Pitt tennis team to compete for national title |

Pitt tennis team to compete for national title

Members of the Pitt tennis team include, from left, Hannah Famili, Rithika Reddy, Antoine Dumortier, Lyon France, Brian Rubin, Aaron Paczak, David Cenkner and Claire Healy.

In their first year as members, an ex-City League singles champion and a former WPIAL doubles standout helped the Pitt club team to its first United States Tennis Association On Campus Middle States Section title last month at Mercer County Park in New Jersey.

Hannah Famili, a freshman from Shadyside who won City League girls singles titles as a freshman and sophomore at Allderdice, lost 4-6 in women’s singles, but her points were enough to give the Panthers an edge in a 26-23 decision over Penn State in the final.

Claire Healy, a junior from Mt. Lebanon, won in doubles with sophomore Rithika Reddy of Long Island, N.Y., 6-5.

By winning, the Panthers qualified for the national championship April 9-11 in Cary, N.C. Penn State and third and fourth place Carnegie Mellon and Penn also received bids.

One of 24 coed teams representing 18 colleges from Pennsylvania, New Jersey and Delaware, Pitt beat Drexel, Temple, Penn and a second team from Penn State to reach the section final.

Coach Craig Perry said Famili and Healy, each 4-1 in the tournament, made a difference for the Panthers.

“(Women) were much better this year; Hannah and Claire improved the quality of play,” said Perry, the director of tennis at the Fox Chapel Golf Club retained by Pitt.

Perry expects the Panthers to be a serious contender for the national championship.

“We really have a good possibility (of winning) if we work hard,” said Healy, 21, a section champion and WPIAL Class AAA doubles semifinalist at Mt. Lebanon in 2009. “We’re all really strong.”

Famili, 18, said competition has been tougher than expected.

“Penn State played some great tennis (in the section final),” Famili said. “That was my favorite match, although I lost.”

Club vice president Brian Rubin said Famili and Healy were among about 100 men and women who tried out for the team, which was founded in 2006. Most have high school and United States Tennis Association tournament experience, he said.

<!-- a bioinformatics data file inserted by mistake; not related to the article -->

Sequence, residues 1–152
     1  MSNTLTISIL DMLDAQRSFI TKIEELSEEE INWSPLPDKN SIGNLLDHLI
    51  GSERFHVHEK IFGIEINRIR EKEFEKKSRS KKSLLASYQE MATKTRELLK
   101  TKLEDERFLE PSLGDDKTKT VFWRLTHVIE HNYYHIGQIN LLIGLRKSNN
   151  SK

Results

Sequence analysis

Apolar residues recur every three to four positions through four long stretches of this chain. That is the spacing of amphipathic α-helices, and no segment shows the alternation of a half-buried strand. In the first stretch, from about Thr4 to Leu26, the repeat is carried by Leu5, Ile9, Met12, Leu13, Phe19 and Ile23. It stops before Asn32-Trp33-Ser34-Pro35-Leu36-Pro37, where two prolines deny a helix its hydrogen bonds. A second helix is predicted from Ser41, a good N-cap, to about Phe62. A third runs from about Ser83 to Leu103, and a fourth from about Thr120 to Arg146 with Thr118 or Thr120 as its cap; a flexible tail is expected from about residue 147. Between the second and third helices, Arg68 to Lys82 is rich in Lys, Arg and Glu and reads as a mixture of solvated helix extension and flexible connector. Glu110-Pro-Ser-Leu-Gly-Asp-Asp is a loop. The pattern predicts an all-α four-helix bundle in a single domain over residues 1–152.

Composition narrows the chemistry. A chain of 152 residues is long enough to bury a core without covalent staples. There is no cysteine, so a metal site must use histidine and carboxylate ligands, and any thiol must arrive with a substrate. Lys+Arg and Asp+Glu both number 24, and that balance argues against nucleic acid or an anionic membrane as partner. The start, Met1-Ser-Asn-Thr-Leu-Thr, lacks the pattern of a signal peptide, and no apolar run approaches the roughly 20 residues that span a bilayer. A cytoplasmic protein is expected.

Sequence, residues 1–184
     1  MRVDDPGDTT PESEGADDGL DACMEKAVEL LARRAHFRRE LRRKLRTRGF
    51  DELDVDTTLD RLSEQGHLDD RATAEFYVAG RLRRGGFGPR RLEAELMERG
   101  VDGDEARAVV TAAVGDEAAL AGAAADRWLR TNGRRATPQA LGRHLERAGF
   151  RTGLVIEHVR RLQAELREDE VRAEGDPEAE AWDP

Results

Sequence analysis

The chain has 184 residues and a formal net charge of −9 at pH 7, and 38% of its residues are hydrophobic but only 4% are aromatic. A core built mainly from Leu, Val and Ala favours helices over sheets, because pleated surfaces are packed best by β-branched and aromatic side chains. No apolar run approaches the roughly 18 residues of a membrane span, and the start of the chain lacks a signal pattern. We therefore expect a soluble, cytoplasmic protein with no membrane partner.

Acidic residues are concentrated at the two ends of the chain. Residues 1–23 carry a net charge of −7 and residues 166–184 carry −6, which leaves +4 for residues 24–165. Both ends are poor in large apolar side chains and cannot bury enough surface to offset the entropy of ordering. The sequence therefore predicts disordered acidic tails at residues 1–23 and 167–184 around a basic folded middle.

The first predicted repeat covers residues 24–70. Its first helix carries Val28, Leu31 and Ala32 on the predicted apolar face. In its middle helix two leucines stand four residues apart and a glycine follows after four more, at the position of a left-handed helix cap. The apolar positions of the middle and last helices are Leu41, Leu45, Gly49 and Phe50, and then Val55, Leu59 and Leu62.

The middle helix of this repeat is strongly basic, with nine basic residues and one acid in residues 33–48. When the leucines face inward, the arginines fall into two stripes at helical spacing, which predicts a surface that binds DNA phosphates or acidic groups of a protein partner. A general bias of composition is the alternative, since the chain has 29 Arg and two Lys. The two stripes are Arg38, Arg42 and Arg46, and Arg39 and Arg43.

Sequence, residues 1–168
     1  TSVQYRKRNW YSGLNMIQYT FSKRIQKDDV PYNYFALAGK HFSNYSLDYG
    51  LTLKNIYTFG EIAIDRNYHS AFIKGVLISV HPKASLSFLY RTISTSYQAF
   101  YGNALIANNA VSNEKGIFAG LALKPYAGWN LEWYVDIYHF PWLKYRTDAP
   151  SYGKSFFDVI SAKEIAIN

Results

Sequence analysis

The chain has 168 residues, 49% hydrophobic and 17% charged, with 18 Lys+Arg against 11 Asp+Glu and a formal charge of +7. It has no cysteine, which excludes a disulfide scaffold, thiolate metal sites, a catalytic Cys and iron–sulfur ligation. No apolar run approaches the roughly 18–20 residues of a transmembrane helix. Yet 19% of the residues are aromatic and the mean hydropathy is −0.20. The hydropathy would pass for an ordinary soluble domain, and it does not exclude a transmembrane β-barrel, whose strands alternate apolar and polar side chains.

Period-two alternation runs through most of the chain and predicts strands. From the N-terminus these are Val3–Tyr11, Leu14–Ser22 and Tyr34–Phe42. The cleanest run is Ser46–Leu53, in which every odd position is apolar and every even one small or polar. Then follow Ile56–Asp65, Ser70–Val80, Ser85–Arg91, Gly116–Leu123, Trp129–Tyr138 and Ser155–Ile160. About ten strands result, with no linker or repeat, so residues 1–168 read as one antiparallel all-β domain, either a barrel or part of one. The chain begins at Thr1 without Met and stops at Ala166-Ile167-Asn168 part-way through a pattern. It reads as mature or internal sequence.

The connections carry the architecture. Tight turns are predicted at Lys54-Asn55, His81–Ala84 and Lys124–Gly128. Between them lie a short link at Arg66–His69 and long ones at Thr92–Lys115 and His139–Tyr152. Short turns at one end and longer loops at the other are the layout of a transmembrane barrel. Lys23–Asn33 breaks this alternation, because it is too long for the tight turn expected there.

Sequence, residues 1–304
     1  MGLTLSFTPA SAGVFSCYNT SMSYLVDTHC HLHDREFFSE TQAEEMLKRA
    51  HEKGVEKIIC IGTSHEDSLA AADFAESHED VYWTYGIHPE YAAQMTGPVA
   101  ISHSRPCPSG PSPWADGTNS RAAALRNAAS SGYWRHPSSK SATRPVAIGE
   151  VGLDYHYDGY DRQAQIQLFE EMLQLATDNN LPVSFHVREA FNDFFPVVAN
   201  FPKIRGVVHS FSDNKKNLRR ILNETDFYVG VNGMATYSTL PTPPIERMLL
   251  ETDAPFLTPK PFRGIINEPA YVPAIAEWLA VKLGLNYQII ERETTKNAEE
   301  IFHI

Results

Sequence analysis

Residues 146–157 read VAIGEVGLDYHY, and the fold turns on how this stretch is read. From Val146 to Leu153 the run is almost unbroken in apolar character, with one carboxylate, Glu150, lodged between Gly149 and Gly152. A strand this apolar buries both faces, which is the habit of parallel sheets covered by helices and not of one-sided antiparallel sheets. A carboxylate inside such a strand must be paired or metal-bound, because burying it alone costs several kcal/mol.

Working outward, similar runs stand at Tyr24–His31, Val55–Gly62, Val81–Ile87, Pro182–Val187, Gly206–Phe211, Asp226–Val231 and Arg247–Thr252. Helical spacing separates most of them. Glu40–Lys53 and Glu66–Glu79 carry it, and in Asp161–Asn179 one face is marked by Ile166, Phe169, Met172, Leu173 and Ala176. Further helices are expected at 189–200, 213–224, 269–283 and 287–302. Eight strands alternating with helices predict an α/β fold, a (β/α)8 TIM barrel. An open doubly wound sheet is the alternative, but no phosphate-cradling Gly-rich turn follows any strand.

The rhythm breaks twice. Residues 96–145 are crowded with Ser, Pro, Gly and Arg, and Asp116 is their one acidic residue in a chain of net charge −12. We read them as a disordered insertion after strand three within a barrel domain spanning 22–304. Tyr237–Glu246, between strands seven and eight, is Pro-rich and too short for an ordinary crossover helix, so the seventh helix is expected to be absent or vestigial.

“There are only 12 spots, so it is extremely competitive,” said Rubin, a junior from Erie. “(Everyone) was at least a top player on their high school (team).”

Healy, who delayed trying out to focus on academics, is happy she is a member.

“It’s a stress reliever and pure fun,” said Healy, who is studying chemistry and hopes to be a physician.

Tom Benic, past president of the Middle States Allegheny Mountain District, said club tennis is less demanding than varsity.

“Club tennis is primarily (recreational) and social with perhaps a practice or match once or twice a week,” he said. “Varsity tennis, by contrast, takes a serious time commitment.

“You really have to be talented and committed (to play).”

Karen Kadilak is a freelance writer.

TribLIVE commenting policy

You are solely responsible for your comments and by using you agree to our Terms of Service.

We moderate comments. Our goal is to provide substantive commentary for a general readership. By screening submissions, we provide a space where readers can share intelligent and informed commentary that enhances the quality of our news and information.

While most comments will be posted if they are on-topic and not abusive, moderating decisions are subjective. We will make them as carefully and consistently as we can. Because of the volume of reader comments, we cannot review individual moderation decisions with readers.

We value thoughtful comments representing a range of views that make their point quickly and politely. We make an effort to protect discussions from repeated comments either by the same reader or different readers

We follow the same standards for taste as the daily newspaper. A few things we won't tolerate: personal attacks, obscenity, vulgarity, profanity (including expletives and letters followed by dashes), commercial promotion, impersonations, incoherence, proselytizing and SHOUTING. Don't include URLs to Web sites.

We do not edit comments. They are either approved or deleted. We reserve the right to edit a comment that is quoted or excerpted in an article. In this case, we may fix spelling and punctuation.

We welcome strong opinions and criticism of our work, but we don't want comments to become bogged down with discussions of our policies and we will moderate accordingly.

We appreciate it when readers and people quoted in articles or blog posts point out errors of fact or emphasis and will investigate all assertions. But these suggestions should be sent via e-mail. To avoid distracting other readers, we won't publish comments that suggest a correction. Instead, corrections will be made in a blog post or in an article.